BOSTON (Reuters) - The U.S. Justice Department has filed papers arguing Massachusetts’ attorney general cannot pursue claims under state law that one of the nation’s largest student loan servicers undermined a federal debt forgiveness program.
Loan servicer Pennsylvania Higher Education Assistance Agency seized on the department’s filing to argue during a court hearing on Wednesday in Boston that Massachusetts Attorney General Maura Healey’s lawsuit should be dismissed.
The student loan servicing industry has lobbied the U.S. Department of Education under Republican President Donald Trump to take steps to block state actions against servicers.
The Justice Department, representing the Education Department, argued in a filing on Monday that federal law including the Higher Education Act, pre-empted Healey’s state-law claims. Healey, a Democrat, criticized the filing.
“We sued to hold the company accountable for cheating students and families under Massachusetts law and the Department of Education has no business in this case,” Healey said in a statement.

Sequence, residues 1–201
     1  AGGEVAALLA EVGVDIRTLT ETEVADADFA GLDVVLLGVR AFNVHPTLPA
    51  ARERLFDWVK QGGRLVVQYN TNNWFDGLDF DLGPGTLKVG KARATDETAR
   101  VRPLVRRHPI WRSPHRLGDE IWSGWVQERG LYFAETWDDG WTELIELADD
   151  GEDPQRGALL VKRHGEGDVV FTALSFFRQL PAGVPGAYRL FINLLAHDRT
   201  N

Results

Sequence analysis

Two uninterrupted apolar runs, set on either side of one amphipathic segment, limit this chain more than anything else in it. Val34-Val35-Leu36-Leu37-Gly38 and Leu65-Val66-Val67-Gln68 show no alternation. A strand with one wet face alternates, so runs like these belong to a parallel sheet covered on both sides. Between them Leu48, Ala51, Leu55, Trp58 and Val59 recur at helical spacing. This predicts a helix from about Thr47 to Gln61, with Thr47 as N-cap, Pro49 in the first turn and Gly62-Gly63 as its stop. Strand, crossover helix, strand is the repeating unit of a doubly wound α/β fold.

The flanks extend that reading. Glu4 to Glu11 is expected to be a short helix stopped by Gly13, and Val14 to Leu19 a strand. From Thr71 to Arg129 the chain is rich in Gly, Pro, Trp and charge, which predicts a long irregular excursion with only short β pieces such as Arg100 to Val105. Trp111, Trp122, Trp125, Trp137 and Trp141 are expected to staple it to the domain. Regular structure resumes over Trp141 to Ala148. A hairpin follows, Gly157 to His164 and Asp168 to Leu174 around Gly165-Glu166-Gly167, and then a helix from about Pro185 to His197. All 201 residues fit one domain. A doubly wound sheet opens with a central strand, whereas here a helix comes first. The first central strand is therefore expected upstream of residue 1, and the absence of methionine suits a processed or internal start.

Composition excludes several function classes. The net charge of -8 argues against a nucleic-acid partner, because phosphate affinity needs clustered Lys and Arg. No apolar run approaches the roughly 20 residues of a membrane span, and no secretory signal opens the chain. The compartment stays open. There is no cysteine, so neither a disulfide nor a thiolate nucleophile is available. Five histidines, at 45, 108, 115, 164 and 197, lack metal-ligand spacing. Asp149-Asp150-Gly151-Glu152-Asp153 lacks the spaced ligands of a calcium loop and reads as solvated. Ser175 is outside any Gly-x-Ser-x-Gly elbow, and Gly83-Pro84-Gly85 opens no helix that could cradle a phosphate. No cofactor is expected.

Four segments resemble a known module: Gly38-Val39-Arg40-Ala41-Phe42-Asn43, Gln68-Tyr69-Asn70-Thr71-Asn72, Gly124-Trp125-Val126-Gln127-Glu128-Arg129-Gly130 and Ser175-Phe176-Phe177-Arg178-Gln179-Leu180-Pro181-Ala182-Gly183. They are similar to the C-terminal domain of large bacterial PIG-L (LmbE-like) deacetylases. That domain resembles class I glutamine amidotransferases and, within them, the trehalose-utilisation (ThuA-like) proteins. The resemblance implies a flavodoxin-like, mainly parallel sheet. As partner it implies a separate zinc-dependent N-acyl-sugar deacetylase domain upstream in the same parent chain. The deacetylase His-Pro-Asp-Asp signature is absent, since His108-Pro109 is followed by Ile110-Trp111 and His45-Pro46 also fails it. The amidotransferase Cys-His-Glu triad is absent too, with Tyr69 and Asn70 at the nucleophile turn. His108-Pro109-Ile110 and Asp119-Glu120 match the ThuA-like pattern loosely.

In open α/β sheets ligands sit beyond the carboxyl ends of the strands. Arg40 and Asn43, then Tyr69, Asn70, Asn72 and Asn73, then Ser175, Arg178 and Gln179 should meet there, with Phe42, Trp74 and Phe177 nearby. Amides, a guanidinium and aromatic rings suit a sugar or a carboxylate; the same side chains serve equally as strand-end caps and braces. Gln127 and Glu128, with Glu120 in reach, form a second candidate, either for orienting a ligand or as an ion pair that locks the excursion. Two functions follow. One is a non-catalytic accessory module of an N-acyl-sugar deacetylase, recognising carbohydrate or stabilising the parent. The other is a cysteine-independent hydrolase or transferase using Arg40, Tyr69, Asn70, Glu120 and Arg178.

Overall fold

In August, Healey sued PHEAA, which does business as FedLoan Servicing and manages over a fourth of the nation’s $1.4 trillion student loan debt on behalf of various lenders.
The lawsuit accused PHEAA of deceptive practices that caused public servants to lose benefits and financial assistance under two federal programs, including one that forgives student loans after about 10 years of public-service work.
That program is the Public Service Loan Forgiveness. The other is the Teacher Education Assistance for College and Higher Education Grant program, which provides grants to borrowers pursuing teaching careers in low-income schools for at least four years.
The lawsuit alleged that PHEAA prevented borrowers from making qualifying monthly payments that count toward loan forgiveness and also overcharged students.
In court on Wednesday, John Grugan, PHEAA’s lawyer, called the Justice Department’s filing a “momentous” development, adding it had not submitted a similar filing in a Massachusetts state court case since 1963.
He called it proof that the lawsuit should be dismissed because the Education Department, as the owner of the student loans, should have been named as a defendant.
Suffolk County Superior Court Judge Kenneth Salinger did not immediately rule. He noted that Healey’s lawsuit also asserted a claim under a federal law, the Consumer Financial Protection Act.
“So the pre-emption issue isn’t going to make the entire case go away even if you and the department are right, is it?” he asked Grugan.
Reporting by Nate Raymond in Boston; Editing by Paul Simao and Peter Cooney